2. Yes, this is the way to go; mainly because if you have a designated SCIENCE section, it will *always* degenerate into the most boring part of the newspaper with tedious stories about medical "science", quantum computing, nano-anything, etc etc. Worst is if they get some local expert to write about his infinitely boring local research.

    But I'm disappointed that you aren't interested in cars! Cars are one of the best parts of life!

  3. "Science is the only News . . . human nature doesn't change much; but science does, and the change accrues, altering the world irreversibly." -Stewart Brand

  4. "So, when visiting Waterloo last week, I tried not to be in the way of Sabine unpacking boxes, and studied The Globe and Mail instead."

    lol Stefan,
    always a good time to read a paper

    Alas papers want to pander to such a wide audience, I often wonder who reads all their stuff, I usually flick thru and maybe pick up on one or two, usually the topic of the day (so to speak).

    Your idea sounds cool, inmerse the general public in science by stealth with little snippets. But people interested in science are usually looking for something more in depth - maybe they should have the kind of intro you spak of leading to a read more @ section.

  5. Well, I mean if it's a section that's supposed to be a mix of the most interesting topics, yes please include Science. But as I've said above, I think it is good if a newspaper is organized in some way. I mean, I really don't want to go through all the royal families latest scandals and things just to read the maybe two articles I am really interested in.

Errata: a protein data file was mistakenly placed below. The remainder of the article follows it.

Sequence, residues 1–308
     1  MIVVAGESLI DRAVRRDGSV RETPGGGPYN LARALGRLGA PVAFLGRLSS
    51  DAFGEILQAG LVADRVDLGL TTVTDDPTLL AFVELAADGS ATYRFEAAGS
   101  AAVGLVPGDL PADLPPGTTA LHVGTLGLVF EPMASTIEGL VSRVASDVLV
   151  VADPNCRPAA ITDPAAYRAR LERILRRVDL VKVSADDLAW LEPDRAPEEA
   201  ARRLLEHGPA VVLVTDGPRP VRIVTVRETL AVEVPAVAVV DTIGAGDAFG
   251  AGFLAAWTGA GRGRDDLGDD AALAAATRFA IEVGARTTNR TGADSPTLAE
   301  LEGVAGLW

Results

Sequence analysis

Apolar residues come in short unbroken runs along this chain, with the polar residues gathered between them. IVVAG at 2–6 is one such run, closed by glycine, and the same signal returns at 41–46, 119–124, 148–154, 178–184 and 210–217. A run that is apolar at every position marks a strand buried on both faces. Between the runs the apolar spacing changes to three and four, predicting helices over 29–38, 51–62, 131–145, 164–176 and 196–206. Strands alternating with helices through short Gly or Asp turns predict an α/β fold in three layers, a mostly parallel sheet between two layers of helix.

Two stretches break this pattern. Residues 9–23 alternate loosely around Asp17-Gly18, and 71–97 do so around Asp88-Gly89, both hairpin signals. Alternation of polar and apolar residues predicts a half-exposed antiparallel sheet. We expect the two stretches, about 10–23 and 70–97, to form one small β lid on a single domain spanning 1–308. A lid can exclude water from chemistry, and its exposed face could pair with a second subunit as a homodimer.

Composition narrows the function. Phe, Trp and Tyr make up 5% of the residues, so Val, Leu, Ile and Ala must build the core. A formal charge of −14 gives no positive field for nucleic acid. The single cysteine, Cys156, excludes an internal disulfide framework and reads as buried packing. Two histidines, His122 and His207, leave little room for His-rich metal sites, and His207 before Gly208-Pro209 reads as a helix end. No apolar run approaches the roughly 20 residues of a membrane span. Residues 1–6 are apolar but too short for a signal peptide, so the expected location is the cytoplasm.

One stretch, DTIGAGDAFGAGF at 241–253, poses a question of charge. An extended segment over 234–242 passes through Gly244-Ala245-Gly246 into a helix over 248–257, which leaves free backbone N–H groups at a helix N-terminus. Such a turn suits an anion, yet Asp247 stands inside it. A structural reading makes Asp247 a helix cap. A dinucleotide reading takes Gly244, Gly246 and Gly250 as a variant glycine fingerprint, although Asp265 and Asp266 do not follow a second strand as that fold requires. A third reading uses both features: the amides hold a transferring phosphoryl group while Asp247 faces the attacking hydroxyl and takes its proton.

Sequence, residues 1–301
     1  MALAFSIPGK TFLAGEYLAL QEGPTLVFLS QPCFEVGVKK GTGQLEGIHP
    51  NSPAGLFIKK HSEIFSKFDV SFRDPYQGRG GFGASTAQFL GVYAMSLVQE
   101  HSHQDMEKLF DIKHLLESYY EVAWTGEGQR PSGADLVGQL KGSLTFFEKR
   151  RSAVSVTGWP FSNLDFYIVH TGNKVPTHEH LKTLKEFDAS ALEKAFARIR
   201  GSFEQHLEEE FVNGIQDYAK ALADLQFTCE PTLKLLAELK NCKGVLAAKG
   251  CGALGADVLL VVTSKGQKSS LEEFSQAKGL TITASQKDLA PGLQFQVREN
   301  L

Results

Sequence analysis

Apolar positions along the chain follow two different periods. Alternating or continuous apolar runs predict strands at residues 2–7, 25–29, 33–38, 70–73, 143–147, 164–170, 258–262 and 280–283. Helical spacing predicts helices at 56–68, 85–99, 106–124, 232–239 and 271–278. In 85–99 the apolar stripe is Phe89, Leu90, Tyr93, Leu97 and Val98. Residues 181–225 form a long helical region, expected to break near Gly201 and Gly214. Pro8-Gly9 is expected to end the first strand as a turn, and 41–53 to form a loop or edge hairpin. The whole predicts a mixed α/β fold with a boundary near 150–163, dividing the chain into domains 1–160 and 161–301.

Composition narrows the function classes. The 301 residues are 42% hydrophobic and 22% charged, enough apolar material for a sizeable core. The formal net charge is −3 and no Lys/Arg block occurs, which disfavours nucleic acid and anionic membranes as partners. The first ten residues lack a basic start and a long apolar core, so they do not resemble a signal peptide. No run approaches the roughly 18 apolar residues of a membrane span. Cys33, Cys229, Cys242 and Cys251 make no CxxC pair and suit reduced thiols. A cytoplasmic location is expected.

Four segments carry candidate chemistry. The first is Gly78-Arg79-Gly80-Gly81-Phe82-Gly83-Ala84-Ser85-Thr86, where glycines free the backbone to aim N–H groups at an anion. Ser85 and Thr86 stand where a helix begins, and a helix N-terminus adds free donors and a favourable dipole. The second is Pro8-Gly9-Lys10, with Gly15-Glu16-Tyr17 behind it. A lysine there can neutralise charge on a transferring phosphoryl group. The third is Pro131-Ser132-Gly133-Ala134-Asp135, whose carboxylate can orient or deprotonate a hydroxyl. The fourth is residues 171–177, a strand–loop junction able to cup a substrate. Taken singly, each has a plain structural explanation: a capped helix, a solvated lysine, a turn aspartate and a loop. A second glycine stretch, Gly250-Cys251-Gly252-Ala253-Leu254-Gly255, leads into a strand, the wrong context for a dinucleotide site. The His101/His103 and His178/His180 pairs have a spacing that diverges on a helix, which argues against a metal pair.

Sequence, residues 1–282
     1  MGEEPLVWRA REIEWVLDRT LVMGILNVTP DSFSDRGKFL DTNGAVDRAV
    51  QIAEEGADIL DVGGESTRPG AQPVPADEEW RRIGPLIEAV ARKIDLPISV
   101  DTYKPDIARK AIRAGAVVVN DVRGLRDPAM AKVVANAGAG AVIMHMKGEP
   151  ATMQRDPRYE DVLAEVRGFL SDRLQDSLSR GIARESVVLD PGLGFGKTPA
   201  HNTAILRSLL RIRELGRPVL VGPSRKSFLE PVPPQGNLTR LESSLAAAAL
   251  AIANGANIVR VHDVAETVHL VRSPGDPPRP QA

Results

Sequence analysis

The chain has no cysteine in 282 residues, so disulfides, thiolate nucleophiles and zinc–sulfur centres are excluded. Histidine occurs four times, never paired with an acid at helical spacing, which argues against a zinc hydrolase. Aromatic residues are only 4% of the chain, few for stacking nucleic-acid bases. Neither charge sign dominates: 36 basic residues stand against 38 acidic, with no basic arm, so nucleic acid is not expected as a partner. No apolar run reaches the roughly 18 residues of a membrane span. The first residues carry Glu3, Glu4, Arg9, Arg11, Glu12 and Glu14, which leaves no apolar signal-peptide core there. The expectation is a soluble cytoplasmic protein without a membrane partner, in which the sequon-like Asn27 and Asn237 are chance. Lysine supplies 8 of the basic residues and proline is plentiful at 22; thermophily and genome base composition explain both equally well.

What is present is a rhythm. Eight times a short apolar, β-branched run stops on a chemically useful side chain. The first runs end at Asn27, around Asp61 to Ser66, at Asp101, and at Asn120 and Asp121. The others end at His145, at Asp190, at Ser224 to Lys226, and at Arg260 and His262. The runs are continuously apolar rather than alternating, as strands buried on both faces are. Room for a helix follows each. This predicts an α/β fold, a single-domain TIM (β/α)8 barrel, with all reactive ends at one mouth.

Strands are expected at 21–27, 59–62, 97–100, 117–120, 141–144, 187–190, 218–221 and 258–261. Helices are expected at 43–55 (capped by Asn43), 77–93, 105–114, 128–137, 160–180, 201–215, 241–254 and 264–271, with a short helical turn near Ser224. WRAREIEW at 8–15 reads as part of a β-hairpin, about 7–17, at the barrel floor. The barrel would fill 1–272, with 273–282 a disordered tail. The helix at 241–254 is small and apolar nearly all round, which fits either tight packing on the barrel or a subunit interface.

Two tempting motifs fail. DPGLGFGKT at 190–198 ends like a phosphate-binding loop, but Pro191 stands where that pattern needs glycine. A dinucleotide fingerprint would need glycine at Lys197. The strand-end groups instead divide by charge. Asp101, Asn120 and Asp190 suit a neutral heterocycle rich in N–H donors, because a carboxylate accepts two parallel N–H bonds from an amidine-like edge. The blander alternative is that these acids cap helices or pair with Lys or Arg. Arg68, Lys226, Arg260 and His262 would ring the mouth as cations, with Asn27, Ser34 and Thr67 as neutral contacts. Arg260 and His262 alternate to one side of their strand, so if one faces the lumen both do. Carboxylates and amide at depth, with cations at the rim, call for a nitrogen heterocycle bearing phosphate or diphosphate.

Hi Dr. Who... the most boring part of the newspaper is the stock market stuff. I would even prefer nanoscience over that.



  6. Dear all,

    thanks for your comments!

    I agree that in general it's a good idea that a newspaper is organized in thematic sections. It's probably completely normal that no one reads everything in a newspaper, and finds some topics much more interesting than others. Fortunately, we are all a bit different as to our interests and preferences, and a good newspaper manages to offer something interesting to read for everyone. (Dr. Who: sorry to disappoint you... you known, in my eyes, cars are very convient and practical things, and I like my Twingo - perfect small car for city dwellers - but that's all to it. I really don't see the point why to devote sections in newspapers on cars ;-)

    As for the Globe and Mail, or any big newspaper, I appreciate if they run a special science section maybe once or twice a week, with longer reports besides just news snippet.

    But the point I wanted to make is that if the newspaper wants to inform their readers about scientfic topics and issues, it's better to run good science stories in the main part of the newspaper than to ban all this stuff in a special section that is easily ignored.

    I don't go quite as far as to say that Science is the only News ..., but it definitly deserves to be covered on the first pages of a newspaper - it's just to important to take a backseat.

    Best, stefan

  7. Hi quasar,

    just for the record ;-), I have carried and stacked and re-piled nearly all of these boxes ... but as for unpacking, I didn't want to contribute to an unnecessary increase of entropy ... ;-)

    Best, stefan